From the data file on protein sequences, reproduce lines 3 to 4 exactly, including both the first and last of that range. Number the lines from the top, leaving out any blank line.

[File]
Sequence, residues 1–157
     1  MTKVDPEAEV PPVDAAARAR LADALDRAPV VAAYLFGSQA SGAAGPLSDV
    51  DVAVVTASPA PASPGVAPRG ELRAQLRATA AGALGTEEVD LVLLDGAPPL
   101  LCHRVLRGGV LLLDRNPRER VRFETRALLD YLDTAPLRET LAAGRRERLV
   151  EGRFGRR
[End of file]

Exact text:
    51  DVAVVTASPA PASPGVAPRG ELRAQLRATA AGALGTEEVD LVLLDGAPPL
   101  LCHRVLRGGV LLLDRNPRER VRFETRALLD YLDTAPLRET LAAGRRERLV